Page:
Distinct Clinical Entities

AA/paroxysmal nocturnal hemoglobinuria syndrome

Recent studies using a sensitive flow cytometric method have demonstrated that a glycosyl phos-phatidyl inositol (GPI) deficient clone can be present in up to 1/3 of all patients with AA at presentation.7071 While in most of these patients PNH clones are tiny in size, in a significant minority of patients significantly expanded GPI-deficient PNH clones are present. These patients, unlike those with a primary hemolytic form of PNH, may have hypocellular bone marrow and low reticulocyte count. It has been hypothesized that the autoimmune attack responsible for the stem cell depletion in AA generates permissive conditions under which an otherwise dormant PNH clone can evolve.72 73 The finding of a large proportion of PNH cells may be a significant feature, as administration of antithymocyte globulin (ATG) may be associated with a precipitation of a major hemolytic episode.

AA/hepatitis syndrome

AA/hepatitis syndrome has been described as a rare but instructive variant of this disease clearly pointing to a viral etiology of some cases of AA.52'74 Despite extensive laboratory investigation, such a virus has not been

DEB Test found. It appears that the often fulminant hepatitis initiating the disease is caused by a non-A, non-B, non-C hepatitis virus. The hepatitis is associated with jaundice and an often pronounced rise in transaminases. It can result in fulminant liver failure. In patients who survive the hepatitic phase, transaminases, decrease and a latency period characterized by a period of a relative well-being follows. After a variable time period (often several months), pancytopenia develops with a clinical picture typical of severe AA. ATG therapy is effective and can often result in a complete remission. The time course of the syndrome is highly suggestive of virally induced hepatitis, which upon clearance of virus results in induction of cross-reactive T-cell response directed against hematopoietic stem cells.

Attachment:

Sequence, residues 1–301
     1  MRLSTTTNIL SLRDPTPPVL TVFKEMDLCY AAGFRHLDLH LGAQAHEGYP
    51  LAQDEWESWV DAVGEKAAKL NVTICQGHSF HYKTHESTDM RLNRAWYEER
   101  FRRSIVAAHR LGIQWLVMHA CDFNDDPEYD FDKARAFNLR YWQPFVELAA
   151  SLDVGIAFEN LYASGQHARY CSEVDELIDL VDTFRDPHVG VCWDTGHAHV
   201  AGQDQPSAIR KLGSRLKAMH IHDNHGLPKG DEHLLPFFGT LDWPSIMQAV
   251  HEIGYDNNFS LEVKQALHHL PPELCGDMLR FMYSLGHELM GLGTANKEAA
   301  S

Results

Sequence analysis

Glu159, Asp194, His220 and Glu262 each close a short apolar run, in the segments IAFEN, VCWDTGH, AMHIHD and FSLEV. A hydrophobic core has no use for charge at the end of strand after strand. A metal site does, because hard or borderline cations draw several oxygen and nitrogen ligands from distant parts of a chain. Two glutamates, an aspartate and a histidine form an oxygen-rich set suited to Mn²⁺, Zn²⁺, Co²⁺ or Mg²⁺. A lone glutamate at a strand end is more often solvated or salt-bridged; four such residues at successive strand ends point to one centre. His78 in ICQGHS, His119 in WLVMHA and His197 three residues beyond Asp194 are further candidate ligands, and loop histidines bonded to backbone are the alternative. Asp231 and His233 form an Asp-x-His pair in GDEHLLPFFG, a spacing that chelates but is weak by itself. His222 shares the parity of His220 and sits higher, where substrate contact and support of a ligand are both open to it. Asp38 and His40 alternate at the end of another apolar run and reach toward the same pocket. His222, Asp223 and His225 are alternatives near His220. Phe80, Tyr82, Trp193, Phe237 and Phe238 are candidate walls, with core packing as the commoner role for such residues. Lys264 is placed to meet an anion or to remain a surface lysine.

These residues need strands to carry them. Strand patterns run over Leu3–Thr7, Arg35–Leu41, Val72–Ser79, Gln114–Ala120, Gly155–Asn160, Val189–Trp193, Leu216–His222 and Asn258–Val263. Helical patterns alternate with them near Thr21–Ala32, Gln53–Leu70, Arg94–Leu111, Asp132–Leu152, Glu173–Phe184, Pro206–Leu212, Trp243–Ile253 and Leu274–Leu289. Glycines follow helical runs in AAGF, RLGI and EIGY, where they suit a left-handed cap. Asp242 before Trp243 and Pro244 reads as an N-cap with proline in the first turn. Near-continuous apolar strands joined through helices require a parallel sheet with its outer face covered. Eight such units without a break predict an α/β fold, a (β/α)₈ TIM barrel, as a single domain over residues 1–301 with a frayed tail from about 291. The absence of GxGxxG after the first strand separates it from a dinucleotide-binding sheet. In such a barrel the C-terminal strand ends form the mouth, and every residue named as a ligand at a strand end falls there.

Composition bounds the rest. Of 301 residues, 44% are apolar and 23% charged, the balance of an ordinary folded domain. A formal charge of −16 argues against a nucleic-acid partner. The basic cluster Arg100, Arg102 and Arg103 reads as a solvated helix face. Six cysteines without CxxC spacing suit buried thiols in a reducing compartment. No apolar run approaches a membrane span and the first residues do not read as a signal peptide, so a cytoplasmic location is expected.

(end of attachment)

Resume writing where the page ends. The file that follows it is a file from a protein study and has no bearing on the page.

Chronic moderate AA

In contrast to severe AA, AA with moderately depressed counts has a favorable prognosis and often does not require therapy. The definition of moderate AA is difficult, as it may represent a transition stage of severe AA. A sufficient observation period (>3 months) with chronically and not progressively depressed counts makes the diagnosis of moderate AA. Over time the blood counts may decline, with evolution to a severe AA. It remains unclear whether moderate AA represents a separate entity, a number of nosologic entities such as unrecognized congenital bone marrow failure syndromes or a stage/variant of typical AA.

AA in pregnancy

Pregnancy seems to predispose to AA, but this issue remains controversial. In fact, one of the first cases of AA documented in the early writings on this disease was a young pregnant woman.75 The mechanism that triggers AA in pregnancy remains unclear, but AA often resolves with the termination of pregnancy and can recur during subsequent pregnancies. Even if the initial presentation of AA was not associated with pregnancy, women with a recent history of successfully treated AA should be counseled to not get pregnant. Successful pregnancies have been described, and in the majority of case series most of the women had good outcomes.76 The therapy of pregnancy-associated AA depends on the gestational age of the fetus. The pregnancy of a women with severe AA may be terminated if it is close to term. Earlier in pregnancy, supportive measures are most commonly used. ATG has also been administered to women with severely depressed counts, especially low absolute neutrophil count (ANC). Overall, the prognosis for the mother and baby is good.

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